It appears that yet another government agency is getting into MMO development (see my previous article). NASA recently announced their intentions to create an MMO aimed at high school and college level education, which would include a focus on science, technology, engineering, and mathematics. No specifics have been made as to who will be developing the game, but the requirements of a realistic physics engine will definitely make this an interesting addition to the MMO realm. Why would NASA be looking into MMO development in the first place? They give a very good answer in their FAQ:
“MMOs help players develop and exercise a skill set closely matching the thinking, planning, learning, and technical skills increasingly in demand by employers. These skills include strategic thinking, interpretative analysis, problem solving, plan formulation and execution, team-building and collaboration, and adaptation to rapid change.”
In the current anti-gaming political environment, it amazes me to see NASA come forward with this statement. It is about time the world at large sees that today’s youth is increasing its integration with technology everyday. Text messaging, MySpace, and YouTube are now becoming the preferred methods for communication and entertainment, foregoing traditional methods. With this in mind, NASA is looking to reshape online learning by making a virtual world for educators and business leaders to teach the skills needed in the real world:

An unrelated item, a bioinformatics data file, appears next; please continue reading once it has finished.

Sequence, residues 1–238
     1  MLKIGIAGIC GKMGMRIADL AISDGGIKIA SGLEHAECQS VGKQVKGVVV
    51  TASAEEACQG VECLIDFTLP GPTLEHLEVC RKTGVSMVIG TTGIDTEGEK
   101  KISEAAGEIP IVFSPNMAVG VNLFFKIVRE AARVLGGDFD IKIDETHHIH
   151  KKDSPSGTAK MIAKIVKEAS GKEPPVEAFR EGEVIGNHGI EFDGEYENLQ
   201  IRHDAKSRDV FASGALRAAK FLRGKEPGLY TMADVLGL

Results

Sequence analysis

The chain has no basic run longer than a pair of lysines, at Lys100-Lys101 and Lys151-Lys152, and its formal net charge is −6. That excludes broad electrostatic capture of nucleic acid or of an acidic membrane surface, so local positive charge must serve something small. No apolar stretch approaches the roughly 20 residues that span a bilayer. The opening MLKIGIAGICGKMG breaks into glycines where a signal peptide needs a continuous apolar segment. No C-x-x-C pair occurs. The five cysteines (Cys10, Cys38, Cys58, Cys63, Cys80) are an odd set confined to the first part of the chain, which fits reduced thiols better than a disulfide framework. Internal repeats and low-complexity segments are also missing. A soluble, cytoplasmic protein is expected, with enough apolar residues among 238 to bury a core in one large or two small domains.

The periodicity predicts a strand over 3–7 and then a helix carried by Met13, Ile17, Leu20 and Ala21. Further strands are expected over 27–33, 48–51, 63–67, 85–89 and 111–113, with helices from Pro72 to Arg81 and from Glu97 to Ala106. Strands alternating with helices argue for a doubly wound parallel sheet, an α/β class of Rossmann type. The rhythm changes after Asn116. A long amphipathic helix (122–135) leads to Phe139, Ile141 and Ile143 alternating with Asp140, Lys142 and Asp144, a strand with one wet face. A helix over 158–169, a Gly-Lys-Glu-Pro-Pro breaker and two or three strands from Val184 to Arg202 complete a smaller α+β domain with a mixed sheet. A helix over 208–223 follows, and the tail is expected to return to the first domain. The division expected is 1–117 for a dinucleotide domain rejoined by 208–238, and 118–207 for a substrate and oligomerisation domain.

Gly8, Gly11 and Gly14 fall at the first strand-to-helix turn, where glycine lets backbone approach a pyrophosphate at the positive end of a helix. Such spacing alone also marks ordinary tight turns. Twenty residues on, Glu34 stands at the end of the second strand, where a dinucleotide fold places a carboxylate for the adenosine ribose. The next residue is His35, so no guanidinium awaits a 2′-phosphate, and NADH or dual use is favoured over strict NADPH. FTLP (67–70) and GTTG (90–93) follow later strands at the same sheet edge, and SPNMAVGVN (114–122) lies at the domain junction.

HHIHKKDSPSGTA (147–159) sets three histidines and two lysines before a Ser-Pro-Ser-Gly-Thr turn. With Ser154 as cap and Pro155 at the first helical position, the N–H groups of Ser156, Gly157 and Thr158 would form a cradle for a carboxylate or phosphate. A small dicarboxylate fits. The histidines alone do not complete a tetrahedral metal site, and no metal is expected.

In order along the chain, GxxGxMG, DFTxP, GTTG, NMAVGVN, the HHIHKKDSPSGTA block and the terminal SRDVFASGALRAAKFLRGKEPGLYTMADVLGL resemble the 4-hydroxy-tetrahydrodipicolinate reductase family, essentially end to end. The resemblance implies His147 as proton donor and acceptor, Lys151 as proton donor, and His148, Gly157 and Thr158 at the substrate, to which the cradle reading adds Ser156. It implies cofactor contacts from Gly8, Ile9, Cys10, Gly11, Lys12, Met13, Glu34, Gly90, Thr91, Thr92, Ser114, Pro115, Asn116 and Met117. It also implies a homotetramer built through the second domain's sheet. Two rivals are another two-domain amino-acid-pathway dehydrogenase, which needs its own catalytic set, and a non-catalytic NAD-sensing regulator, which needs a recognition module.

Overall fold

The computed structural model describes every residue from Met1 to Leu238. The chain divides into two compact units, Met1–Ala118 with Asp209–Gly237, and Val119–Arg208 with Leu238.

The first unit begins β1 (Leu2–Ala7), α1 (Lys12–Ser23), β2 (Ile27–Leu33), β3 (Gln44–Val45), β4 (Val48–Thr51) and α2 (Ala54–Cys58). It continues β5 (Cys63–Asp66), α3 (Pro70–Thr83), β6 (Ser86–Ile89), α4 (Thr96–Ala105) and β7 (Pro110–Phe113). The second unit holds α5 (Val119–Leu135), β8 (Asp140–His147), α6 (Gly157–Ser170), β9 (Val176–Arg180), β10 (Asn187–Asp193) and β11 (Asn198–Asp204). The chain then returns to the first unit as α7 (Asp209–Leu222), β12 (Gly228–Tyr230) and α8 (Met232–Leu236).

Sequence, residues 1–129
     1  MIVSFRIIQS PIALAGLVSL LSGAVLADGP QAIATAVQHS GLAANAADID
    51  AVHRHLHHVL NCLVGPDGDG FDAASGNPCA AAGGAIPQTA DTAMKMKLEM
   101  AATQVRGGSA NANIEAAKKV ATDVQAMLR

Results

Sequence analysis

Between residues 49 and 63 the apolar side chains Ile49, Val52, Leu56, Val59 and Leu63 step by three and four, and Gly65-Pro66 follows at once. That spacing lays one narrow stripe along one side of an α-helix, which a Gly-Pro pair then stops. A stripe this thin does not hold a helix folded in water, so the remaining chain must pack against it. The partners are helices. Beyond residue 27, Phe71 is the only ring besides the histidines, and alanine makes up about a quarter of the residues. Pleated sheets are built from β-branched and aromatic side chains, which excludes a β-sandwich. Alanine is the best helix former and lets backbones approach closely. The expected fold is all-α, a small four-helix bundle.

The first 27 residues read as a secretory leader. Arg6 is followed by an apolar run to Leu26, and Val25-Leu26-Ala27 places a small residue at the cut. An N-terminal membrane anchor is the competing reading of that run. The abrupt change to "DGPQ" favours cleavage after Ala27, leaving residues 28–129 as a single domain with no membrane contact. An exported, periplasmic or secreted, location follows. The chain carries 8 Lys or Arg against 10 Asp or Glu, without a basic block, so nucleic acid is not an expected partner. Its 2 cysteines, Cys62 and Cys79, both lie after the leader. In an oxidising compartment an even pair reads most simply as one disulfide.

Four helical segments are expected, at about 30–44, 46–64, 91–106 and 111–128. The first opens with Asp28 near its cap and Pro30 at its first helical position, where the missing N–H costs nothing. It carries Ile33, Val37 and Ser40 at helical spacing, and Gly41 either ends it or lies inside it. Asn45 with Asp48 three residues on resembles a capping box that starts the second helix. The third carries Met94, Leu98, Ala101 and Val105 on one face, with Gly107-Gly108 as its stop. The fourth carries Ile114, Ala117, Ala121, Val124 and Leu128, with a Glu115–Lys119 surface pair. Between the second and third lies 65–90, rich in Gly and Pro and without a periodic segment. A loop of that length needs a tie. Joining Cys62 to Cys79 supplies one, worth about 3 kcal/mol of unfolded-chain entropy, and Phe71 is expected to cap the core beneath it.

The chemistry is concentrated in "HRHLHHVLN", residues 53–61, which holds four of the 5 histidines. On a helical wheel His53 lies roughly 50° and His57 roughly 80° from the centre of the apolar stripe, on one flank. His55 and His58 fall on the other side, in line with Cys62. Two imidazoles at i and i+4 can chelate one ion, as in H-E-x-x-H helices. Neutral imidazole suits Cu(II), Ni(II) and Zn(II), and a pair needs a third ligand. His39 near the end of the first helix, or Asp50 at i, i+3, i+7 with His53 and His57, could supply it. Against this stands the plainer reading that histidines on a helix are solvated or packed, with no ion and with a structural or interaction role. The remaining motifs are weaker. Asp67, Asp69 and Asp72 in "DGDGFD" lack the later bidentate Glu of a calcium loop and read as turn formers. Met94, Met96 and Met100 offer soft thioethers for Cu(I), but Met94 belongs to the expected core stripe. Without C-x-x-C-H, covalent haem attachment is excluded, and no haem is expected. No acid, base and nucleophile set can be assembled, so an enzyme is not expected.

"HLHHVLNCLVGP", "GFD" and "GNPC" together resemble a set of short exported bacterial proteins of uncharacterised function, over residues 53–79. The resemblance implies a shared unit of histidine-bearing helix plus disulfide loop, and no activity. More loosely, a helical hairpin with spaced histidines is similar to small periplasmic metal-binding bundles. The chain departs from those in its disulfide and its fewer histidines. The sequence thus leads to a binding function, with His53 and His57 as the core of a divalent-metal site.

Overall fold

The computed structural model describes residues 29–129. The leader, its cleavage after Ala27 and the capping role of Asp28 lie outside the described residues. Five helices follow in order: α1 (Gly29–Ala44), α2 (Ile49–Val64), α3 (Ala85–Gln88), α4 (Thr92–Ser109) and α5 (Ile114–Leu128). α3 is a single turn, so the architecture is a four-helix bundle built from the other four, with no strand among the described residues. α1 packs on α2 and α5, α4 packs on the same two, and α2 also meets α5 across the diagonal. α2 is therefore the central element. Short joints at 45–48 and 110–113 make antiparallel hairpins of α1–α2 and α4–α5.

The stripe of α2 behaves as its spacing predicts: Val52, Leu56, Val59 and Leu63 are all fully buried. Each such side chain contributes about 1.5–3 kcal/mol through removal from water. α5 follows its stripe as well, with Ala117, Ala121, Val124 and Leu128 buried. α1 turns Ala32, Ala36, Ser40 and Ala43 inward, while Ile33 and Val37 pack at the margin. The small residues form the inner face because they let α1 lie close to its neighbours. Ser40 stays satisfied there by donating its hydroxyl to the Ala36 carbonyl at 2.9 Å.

“Virtual worlds with scientifically accurate simulations could permit learners to tinker with chemical reactions in living cells, practice operating and repairing expensive equipment, and experience microgravity – making it easier to grasp complex concepts and transfer this understanding quickly to practical problems.”
The big question, is how popular would this type of environment be? I see no issue with the students being able to pick up the mechanics, as they are already knee deep in gaming, but trying to educate the educators how to use a virtual environment I feel will take time. However, coming up with attractive and engaging educational games within this world will be the main challenge. Even if they manage to provide the training and come up with the games, it will also be hard to implement this game into a curriculum.
A large collaborative project such as this has some precedent, but the scale at which this is being done, may dwarf all previous educational gaming attempts to date. It will be interesting to follow the development of this game and see where it is taken. See you at the virtual particle accelerator!